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Iron-sulfur protein

Iron-sulfur proteins are proteins characterized by the presence of iron-sulfur clusters containing sulfide-linked di-, tri-, and tetrairon centers in variable oxidation states. Iron-sulfur clusters are found in a variety of metalloproteins, such as the ferredoxins, as well as NADH dehydrogenase, hydrogenases, Coenzyme Q - cytochrome c reductase, and nitrogenase.[1] Iron-sulfur clusters are best known for their role in the oxidation-reduction reactions of mitochondrial electron transport. Both Complex I and Complex II of oxidative phosphorylation have multiple Fe-S clusters. They have many other functions including catalysis as illustrated by aconitase, generation of radicals as illustrated by SAM-dependent enzymes, and as sulfur donors in the biosynthesis of lipoic acid and biotin. Additionally some Fe-S proteins regulate gene expression. Fe-S proteins are vulnerable to attack by biogenic nitric oxide.


Structural motifs

In almost all Fe-S proteins, the Fe centers is tetrahedral and the thiolato sulfur centers, from cysteinyl residues, are terminal ligands. The sulfide groups are either two- or three-coordinated. Three distinct kinds Fe-S clusters with these features are most common.

2Fe-2S clusters

The simplest polymetallic system, [Fe2S2] cluster, is constituted by two iron ions bridged by two sulfide ions and coordinated by four cysteinyl ligands (in Fe2S2 ferredoxins) or by two cysteines and two histidines (in Rieske proteins). The oxidized proteins contain two Fe3+ ions, whereas the reduced proteins contain one Fe3+ and one Fe2+ ion. These species exist in two oxidation states, (FeIII)2 and FeIIIFeII.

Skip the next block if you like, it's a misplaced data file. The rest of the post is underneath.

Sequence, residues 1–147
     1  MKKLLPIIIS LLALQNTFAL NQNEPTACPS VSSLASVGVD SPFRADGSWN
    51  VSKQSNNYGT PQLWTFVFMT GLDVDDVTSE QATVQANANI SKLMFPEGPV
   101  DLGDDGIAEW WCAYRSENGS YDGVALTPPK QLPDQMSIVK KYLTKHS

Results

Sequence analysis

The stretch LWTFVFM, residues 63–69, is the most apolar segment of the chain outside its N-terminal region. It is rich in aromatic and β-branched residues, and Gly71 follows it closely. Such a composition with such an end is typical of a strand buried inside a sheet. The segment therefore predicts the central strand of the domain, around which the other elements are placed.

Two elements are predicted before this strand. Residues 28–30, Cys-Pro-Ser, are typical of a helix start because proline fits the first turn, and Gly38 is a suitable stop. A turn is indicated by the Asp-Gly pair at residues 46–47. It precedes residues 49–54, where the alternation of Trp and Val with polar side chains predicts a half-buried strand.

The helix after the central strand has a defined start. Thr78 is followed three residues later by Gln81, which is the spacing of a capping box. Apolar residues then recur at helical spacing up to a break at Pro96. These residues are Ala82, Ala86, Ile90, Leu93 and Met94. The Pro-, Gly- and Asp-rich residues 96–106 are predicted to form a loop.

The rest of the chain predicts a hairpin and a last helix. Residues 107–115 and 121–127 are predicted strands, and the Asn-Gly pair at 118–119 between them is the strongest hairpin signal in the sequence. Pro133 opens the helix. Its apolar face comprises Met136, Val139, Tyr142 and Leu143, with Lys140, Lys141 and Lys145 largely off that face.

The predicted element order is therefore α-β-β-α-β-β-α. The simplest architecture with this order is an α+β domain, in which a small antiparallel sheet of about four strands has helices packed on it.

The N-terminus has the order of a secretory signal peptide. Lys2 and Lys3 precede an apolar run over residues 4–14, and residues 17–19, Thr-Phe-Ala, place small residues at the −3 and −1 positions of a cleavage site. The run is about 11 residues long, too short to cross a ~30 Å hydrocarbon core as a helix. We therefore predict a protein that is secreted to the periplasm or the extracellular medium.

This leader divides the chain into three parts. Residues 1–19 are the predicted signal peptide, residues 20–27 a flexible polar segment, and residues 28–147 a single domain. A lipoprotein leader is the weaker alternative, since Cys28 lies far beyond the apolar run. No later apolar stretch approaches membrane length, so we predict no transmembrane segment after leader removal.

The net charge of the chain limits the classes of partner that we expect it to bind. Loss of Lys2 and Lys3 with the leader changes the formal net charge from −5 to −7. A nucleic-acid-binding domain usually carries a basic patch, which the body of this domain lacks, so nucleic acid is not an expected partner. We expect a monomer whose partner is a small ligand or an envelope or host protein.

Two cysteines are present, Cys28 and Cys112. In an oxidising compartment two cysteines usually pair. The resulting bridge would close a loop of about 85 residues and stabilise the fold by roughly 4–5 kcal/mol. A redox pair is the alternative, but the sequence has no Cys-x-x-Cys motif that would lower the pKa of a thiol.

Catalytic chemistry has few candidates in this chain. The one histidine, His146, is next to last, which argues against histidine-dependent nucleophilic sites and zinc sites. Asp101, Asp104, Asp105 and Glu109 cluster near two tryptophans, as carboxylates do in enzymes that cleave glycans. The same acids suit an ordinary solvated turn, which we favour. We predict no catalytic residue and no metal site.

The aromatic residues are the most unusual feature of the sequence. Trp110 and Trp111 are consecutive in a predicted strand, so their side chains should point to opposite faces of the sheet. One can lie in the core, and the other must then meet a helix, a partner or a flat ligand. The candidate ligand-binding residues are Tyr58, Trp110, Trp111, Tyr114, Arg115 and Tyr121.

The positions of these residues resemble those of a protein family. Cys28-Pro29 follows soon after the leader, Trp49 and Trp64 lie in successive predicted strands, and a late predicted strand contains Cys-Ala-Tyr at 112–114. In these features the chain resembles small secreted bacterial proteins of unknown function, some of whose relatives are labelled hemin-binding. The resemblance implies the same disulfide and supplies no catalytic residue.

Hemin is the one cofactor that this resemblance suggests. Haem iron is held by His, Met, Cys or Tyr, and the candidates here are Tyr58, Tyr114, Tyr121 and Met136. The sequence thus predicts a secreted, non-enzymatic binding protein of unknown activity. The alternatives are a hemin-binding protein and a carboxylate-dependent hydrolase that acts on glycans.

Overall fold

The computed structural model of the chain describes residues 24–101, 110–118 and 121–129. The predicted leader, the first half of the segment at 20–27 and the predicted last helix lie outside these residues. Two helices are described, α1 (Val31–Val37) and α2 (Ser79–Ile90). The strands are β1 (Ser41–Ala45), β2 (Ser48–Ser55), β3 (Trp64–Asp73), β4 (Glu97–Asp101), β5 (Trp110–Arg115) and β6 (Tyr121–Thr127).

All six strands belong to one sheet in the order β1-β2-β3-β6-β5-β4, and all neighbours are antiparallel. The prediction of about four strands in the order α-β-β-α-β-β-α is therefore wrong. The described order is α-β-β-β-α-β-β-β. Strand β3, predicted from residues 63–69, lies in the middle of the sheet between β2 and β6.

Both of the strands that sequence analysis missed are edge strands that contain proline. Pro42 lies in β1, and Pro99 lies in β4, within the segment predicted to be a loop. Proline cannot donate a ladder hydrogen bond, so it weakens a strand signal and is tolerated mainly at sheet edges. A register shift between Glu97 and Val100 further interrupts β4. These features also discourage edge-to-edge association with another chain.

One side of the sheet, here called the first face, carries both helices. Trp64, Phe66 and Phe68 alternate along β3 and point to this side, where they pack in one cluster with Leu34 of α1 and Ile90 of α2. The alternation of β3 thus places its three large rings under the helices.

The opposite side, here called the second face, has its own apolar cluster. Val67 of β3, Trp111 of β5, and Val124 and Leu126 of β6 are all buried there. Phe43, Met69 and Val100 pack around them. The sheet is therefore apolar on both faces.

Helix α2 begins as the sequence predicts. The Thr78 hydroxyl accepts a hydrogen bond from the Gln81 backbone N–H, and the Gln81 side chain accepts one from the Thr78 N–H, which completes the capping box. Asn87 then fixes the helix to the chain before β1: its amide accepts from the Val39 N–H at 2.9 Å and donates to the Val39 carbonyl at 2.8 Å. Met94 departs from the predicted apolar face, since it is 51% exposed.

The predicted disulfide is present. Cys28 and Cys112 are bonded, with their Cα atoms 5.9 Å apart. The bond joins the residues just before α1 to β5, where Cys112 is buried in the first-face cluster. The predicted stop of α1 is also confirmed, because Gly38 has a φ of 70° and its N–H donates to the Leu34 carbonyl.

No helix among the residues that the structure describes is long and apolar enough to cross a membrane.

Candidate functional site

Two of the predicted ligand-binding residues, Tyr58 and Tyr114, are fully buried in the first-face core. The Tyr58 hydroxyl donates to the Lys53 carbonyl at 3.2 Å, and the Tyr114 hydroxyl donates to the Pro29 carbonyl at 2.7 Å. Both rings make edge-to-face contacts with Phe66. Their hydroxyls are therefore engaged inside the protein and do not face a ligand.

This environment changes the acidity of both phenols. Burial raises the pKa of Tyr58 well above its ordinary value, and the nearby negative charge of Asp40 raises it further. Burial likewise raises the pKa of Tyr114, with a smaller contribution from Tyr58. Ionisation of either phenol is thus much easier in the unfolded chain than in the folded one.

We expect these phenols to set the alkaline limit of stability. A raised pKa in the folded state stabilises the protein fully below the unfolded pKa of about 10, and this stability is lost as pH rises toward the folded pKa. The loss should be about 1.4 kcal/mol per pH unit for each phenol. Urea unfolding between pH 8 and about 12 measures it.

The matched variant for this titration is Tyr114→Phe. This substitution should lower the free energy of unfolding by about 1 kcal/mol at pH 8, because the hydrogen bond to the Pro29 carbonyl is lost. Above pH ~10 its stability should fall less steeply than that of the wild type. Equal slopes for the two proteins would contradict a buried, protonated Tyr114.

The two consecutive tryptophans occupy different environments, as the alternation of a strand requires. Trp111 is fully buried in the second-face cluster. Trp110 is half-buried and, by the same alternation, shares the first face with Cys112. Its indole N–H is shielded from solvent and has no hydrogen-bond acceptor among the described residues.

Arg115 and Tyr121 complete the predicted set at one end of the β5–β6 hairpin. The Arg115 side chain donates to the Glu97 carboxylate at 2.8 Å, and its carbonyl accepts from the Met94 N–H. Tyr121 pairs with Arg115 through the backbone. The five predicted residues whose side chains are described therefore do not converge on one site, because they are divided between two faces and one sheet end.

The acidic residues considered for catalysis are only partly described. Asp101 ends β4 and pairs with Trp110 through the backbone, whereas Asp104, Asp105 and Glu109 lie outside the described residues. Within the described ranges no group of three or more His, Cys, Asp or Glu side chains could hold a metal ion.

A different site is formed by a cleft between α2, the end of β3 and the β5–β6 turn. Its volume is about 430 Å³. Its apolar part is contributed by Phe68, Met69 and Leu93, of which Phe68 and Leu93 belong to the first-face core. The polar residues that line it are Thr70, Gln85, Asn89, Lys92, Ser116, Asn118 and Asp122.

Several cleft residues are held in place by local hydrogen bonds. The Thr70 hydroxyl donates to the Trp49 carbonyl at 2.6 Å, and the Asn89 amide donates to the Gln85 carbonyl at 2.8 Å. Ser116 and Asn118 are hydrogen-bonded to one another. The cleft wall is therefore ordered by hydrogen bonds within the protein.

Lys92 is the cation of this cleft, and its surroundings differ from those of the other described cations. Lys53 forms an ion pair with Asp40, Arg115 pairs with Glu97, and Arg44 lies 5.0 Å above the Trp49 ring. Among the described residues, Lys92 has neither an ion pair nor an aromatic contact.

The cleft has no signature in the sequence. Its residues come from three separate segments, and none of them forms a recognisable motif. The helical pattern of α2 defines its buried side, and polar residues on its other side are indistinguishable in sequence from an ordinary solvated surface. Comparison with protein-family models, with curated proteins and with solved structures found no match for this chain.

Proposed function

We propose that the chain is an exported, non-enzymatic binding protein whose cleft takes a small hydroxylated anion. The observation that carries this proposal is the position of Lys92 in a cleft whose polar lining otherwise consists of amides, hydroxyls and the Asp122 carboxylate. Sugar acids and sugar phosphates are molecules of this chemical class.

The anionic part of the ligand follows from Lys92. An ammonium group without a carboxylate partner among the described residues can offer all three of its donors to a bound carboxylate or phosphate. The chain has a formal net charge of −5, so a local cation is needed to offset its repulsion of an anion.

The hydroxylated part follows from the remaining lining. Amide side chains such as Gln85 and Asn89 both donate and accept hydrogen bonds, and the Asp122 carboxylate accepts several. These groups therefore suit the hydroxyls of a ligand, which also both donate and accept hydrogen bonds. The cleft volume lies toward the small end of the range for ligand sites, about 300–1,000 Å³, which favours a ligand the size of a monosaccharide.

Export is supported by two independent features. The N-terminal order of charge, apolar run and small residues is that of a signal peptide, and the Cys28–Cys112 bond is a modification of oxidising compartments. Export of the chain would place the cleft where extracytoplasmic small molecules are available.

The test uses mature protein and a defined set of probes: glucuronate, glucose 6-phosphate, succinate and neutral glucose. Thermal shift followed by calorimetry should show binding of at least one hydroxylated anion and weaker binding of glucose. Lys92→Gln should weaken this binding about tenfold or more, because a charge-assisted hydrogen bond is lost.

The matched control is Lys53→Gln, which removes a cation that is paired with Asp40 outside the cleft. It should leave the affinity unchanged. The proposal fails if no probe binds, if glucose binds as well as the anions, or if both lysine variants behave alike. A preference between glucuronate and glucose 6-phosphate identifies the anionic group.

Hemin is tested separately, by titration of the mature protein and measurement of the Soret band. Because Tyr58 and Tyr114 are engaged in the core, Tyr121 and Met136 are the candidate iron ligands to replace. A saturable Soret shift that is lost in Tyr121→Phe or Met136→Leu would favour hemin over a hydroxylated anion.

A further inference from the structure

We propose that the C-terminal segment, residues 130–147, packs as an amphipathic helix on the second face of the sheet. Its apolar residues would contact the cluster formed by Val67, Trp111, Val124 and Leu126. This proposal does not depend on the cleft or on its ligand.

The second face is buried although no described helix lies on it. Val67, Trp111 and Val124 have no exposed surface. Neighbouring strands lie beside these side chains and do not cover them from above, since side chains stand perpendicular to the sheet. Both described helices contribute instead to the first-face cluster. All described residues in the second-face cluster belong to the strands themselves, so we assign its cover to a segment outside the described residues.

4Fe-4S clusters

A common motif features a four iron ions and four sulfide ions placed at the vertices of a cubane-type structure. The Fe centers are typically further oordinated by cysteinyl ligands. The [Fe4S4] electron-transfer proteins ([Fe4S4] ferredoxins) may be further subdivided into low-potential (bacterial-type) and high-potential (HiPIP) ferredoxins. Low- and high-potential ferredoxins are related by the following redox scheme:

The formal oxidation numbers of the iron ions can be [2Fe3+, 2Fe2+] or [1Fe3+, 3Fe2+] in low-potential ferredoxins. The oxidation numbers of the iron ions in high-potential ferredoxins can be [3Fe3+, 1Fe2+] or [2Fe3+, 2Fe2+].

The unique member of the 4Fe-4S clusters is aconitase, wherein the Fe-S cluster is the active site of a protein. Substrate binding and turnover occurs at one Fe centre that lacks terminal coordination to thiolate.

3Fe-4S clusters

Proteins are also known to contain [Fe3S4] centres, which feature one iron less than the more common [Fe4S4] cores. Three sulfide ions bridge two iron ions each, while the fourth sulfide bridges three iron ions. Their formal oxidation states may vary from [Fe3S4]+ (all-Fe3+ form) to [Fe3S4]2- (all-Fe2+ form). In a number of iron-sulfur proteins, the [Fe4S4] cluster can be reversibly converted by oxidation and loss of one iron ion to a [Fe3S4] cluster. E.g., the inactive form of aconitase possesses an [Fe3S4] and is activated by addition of Fe2+ and reductant.

Other Fe-S clusters

More complex polymetallic systems are common. Examples include both the 8Fe and the 7Fe clusters in nitrogenase. Carbon monooxide dehydrogenase and the [[FeFe]-hydrogenase also feature unusual Fe-S clusters.